Are ISIS Backers Attempting to Revive the Ailing Beast?*
One of the most effective ways to deal with a savage beast is to cut off its head. Which is why in war senior commanders are always prime targets.
You won’t see cartoons like this in America, but this is how the Middle East and Islamic Africa sees ISIS, America, UK and Israel.
This has been illustrated with the high command of ISIS/ISIL, which has sustained heavy losses recently. The latest blow came Saturday when in conflicting press statements both the U.S. and Syria claim to have killed a senior Islamic State commander.
Syrian state TV reported on Saturday that Syrian forces had killed 40 terrorists and the militant group’s “oil minister” during an operation in Syria’s Eastern city of Deir Ezzur on Friday.
While the same day Secretary of Defense Ashton Carter also announced that U.S. Special Forces had killed militant Abu Sayyaf. According to U.S. media reports Abu Sayyaf was involved in the extremist group’s military operations and helped direct its illicit oil, gas and financial operation.
The U.S. media reported that the raid was conducted overnight Friday by a team of U.S. Special Forces who flew from Iraq into eastern Syria aboard V-22 Osprey aircraft and Blackhawk helicopters.
Whether he was killed by U.S. or Syrian forces, Abu Sayyaf death is the latest in a string of deaths among the militant group’s senior command.
Late last month reports surfaced that ISIS leader, Abu Bakr al-Baghdadi, had sustained serious wounds during an air strike in Western Iraq.
Baghdadi was later reported to have died from his wounds at an Israeli military hospital in the Golan Heights, where he was being treated.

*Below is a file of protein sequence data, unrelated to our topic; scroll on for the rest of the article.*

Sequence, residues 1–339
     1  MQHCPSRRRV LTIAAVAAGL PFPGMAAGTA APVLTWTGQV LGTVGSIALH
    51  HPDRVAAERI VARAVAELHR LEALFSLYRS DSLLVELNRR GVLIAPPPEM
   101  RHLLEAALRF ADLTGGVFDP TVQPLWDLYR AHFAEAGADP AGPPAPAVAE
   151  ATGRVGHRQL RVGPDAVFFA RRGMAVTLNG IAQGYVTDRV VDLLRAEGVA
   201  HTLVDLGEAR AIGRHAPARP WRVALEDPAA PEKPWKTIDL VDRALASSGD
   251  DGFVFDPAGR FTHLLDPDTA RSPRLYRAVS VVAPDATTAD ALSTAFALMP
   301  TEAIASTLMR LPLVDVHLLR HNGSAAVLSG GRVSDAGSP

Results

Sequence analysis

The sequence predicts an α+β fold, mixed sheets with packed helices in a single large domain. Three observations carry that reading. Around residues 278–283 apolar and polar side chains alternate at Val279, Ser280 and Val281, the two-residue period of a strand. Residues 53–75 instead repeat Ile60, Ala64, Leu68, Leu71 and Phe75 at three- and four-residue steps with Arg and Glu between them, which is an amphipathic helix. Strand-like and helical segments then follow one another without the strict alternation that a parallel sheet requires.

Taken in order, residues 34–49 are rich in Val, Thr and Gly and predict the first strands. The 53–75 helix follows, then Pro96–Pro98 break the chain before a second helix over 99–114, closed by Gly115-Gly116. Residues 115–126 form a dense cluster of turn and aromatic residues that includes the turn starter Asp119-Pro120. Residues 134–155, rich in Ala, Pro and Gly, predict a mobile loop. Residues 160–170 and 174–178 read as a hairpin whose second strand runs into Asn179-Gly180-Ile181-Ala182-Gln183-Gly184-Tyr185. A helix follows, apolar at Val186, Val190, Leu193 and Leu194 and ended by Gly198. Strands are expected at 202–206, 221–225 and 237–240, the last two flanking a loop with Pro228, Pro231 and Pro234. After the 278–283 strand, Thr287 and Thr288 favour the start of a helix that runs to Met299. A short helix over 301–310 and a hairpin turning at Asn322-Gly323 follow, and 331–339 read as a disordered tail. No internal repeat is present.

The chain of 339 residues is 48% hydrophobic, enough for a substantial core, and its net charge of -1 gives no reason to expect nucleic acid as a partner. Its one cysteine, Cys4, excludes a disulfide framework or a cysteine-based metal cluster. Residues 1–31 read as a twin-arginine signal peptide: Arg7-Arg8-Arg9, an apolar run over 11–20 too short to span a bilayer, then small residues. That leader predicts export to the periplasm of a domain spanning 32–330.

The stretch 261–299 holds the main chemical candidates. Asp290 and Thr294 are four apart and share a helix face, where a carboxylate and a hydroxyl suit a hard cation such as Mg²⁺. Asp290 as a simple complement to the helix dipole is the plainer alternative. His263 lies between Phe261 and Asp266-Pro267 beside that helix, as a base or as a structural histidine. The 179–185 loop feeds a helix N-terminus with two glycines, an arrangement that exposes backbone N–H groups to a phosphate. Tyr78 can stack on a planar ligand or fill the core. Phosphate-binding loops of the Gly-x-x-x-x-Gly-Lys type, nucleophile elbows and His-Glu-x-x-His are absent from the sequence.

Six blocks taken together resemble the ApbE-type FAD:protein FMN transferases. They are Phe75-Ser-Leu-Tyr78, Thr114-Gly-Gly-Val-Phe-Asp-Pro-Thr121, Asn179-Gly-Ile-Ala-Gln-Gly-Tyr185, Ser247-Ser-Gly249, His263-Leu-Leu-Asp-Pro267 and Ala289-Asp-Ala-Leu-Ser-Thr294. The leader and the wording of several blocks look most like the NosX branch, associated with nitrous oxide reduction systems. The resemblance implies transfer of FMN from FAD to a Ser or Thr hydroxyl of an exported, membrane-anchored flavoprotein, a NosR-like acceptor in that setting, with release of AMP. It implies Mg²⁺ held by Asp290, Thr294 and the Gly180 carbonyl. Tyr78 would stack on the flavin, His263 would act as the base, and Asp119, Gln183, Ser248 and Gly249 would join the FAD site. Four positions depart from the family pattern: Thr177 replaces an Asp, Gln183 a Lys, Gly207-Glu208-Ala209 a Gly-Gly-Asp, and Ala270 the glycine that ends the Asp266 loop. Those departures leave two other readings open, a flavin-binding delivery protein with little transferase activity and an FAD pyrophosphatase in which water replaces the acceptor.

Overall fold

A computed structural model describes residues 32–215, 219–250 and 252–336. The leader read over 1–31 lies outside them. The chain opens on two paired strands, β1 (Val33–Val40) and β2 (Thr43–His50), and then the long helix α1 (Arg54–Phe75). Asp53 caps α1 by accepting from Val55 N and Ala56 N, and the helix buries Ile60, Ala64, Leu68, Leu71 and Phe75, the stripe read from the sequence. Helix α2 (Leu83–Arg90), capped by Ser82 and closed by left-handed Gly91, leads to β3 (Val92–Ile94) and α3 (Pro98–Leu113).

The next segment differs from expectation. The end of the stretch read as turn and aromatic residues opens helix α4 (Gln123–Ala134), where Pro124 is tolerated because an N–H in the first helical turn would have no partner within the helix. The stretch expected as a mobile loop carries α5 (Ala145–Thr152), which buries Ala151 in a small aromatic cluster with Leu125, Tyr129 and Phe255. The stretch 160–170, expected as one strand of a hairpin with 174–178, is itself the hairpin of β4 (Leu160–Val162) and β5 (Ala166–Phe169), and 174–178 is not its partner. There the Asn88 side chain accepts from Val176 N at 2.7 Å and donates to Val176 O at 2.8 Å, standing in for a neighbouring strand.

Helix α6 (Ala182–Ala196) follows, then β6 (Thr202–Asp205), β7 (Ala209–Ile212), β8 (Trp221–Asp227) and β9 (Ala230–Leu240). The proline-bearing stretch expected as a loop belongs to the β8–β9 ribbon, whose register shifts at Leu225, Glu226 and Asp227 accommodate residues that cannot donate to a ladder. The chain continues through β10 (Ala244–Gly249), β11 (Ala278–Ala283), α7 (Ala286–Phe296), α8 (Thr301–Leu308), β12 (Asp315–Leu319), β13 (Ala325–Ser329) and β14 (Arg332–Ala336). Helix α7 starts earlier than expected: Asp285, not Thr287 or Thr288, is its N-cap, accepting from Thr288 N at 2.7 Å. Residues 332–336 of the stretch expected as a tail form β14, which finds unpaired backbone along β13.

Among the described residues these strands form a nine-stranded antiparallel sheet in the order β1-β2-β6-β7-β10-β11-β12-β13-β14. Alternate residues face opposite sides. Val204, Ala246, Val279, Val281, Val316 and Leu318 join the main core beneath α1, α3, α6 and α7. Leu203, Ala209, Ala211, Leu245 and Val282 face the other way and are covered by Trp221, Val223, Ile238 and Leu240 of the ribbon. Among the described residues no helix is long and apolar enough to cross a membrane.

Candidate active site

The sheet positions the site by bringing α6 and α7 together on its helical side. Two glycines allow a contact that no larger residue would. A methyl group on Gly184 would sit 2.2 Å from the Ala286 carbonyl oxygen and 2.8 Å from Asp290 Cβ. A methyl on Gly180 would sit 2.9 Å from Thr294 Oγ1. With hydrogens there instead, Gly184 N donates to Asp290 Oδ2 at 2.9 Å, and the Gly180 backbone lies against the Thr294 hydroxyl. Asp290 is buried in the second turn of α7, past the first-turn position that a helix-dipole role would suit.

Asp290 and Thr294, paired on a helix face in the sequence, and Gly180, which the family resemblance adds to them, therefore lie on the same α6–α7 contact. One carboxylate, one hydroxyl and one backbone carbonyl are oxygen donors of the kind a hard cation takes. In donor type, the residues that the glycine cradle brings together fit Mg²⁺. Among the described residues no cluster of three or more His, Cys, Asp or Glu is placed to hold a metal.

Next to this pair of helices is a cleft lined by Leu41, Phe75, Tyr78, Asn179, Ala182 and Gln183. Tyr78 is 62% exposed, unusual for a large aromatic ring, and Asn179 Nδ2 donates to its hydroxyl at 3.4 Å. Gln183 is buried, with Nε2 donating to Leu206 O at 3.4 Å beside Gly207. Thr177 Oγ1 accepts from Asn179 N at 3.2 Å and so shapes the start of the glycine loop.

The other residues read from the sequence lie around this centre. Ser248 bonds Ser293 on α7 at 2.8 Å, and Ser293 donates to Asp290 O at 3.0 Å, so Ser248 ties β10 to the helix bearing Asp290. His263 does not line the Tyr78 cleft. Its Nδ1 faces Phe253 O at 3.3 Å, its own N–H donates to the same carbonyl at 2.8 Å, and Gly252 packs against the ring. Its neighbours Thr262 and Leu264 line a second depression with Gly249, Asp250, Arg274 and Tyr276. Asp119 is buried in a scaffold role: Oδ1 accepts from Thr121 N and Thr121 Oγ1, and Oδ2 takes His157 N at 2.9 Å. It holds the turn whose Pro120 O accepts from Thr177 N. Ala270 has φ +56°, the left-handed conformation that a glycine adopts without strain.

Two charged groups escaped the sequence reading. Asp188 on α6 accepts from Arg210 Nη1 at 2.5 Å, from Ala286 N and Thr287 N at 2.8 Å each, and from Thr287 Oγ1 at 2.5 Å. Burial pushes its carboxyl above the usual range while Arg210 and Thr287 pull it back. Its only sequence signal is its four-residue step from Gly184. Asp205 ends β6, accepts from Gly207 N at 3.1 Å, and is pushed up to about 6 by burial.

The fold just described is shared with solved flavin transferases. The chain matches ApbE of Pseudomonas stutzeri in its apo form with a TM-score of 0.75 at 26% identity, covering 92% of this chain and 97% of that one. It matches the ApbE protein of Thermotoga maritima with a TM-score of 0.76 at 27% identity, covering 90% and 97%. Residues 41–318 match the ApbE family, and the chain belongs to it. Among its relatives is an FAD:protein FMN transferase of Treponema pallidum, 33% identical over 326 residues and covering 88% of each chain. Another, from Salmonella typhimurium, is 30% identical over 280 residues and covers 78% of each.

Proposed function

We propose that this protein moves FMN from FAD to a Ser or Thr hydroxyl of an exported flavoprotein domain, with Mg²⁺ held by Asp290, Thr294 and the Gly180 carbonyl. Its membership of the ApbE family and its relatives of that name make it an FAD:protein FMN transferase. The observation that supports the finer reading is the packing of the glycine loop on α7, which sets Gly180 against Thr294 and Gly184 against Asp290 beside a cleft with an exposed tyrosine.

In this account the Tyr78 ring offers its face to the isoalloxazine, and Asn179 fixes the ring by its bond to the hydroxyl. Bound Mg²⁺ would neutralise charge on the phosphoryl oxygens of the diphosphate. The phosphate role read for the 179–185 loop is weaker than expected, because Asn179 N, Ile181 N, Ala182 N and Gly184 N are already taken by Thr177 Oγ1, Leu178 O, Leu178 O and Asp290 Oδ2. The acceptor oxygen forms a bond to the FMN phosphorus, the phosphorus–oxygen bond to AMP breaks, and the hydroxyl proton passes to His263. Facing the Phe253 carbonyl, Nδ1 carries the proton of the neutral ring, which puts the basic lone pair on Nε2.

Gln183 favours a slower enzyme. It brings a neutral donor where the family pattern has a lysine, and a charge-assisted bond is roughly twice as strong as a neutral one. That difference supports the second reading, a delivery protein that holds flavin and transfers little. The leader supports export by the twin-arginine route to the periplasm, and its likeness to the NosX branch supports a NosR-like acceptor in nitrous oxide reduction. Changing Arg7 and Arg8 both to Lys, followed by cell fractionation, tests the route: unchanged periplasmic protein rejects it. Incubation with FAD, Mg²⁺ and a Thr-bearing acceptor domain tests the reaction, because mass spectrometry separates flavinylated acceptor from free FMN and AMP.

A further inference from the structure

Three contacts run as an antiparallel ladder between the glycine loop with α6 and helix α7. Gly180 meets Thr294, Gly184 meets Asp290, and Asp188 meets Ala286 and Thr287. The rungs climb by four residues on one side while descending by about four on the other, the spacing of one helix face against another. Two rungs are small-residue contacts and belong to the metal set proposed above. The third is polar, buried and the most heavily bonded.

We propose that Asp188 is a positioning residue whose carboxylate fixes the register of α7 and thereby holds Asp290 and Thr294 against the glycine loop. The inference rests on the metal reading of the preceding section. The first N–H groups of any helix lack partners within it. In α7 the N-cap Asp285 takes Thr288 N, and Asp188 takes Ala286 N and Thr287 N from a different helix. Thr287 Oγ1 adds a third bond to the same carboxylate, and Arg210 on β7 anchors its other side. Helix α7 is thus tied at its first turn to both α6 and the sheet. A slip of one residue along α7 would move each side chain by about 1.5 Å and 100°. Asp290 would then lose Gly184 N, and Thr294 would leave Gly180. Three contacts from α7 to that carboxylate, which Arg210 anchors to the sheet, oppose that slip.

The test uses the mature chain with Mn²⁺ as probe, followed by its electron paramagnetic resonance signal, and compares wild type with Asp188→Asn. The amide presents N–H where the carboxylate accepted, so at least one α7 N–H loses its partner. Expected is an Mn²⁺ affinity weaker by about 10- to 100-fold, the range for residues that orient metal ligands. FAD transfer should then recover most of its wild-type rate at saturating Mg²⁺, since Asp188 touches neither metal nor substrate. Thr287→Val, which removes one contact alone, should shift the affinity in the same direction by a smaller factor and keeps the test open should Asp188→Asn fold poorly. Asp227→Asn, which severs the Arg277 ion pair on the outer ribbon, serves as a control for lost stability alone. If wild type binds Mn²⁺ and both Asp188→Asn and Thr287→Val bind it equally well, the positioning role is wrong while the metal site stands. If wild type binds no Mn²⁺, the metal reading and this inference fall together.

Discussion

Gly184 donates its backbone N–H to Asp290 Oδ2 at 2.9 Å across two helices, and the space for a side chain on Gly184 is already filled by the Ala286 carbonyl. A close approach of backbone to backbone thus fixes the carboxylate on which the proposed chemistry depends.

For those readers unfamiliar with reports from the alternative media: ISIS is largely the West’s creation. Contrary to the line spun by much of the Western media ISIS/ISIL has been financed by the gulf states and covertly assisted and armed by Israel, the U.S. and its European allies.
According to Yasmina Haifi, an official at the Dutch National Cyber Security Centre, Baghdadi had originally been trained by MOSSAD to serve as a double agent; the intention being to discredit Islam and sow division in the Muslim world.
Although his death was not widely reported in the Western media, Baghdadi’s demise was followed by a string of others among the ISIS/ISIL leaders.
On April 27 Islamic State’s top commander, Sheet Al-Samarrai who was called the terrorist group’s war minister, was killed in an Iraqi air strike in Nineveh province.
Then on May 13, Abu Ala Afri, the successor to Abu Bakr al-Baghdadi, was also killed in an air raid in Nineveh province.
Meaning that Islamic State’s leadership has taken some heavy blows in recent months. Whether it can continue to sustain such losses among its high command remains to be seen but such losses will inevitably lead to a struggle for power, which in turn may well lead to factionalism and infighting.
All of which will inevitably weaken ISIS and leads us to wonder if its covert backers will now abandon it as a failure or attempt to revive the ailing beast.